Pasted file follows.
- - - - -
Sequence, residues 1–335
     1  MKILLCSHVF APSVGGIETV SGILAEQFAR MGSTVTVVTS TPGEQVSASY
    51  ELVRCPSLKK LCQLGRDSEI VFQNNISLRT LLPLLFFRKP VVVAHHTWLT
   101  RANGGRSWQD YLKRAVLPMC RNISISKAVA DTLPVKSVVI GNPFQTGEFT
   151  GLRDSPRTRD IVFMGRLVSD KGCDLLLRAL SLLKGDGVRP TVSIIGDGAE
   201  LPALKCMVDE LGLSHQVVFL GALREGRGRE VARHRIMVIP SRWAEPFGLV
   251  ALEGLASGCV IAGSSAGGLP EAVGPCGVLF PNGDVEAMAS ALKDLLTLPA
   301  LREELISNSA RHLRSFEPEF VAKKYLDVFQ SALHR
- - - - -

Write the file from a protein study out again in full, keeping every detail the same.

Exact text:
Sequence, residues 1–335
     1  MKILLCSHVF APSVGGIETV SGILAEQFAR MGSTVTVVTS TPGEQVSASY
    51  ELVRCPSLKK LCQLGRDSEI VFQNNISLRT LLPLLFFRKP VVVAHHTWLT
   101  RANGGRSWQD YLKRAVLPMC RNISISKAVA DTLPVKSVVI GNPFQTGEFT
   151  GLRDSPRTRD IVFMGRLVSD KGCDLLLRAL SLLKGDGVRP TVSIIGDGAE
   201  LPALKCMVDE LGLSHQVVFL GALREGRGRE VARHRIMVIP SRWAEPFGLV
   251  ALEGLASGCV IAGSSAGGLP EAVGPCGVLF PNGDVEAMAS ALKDLLTLPA
   301  LREELISNSA RHLRSFEPEF VAKKYLDVFQ SALHR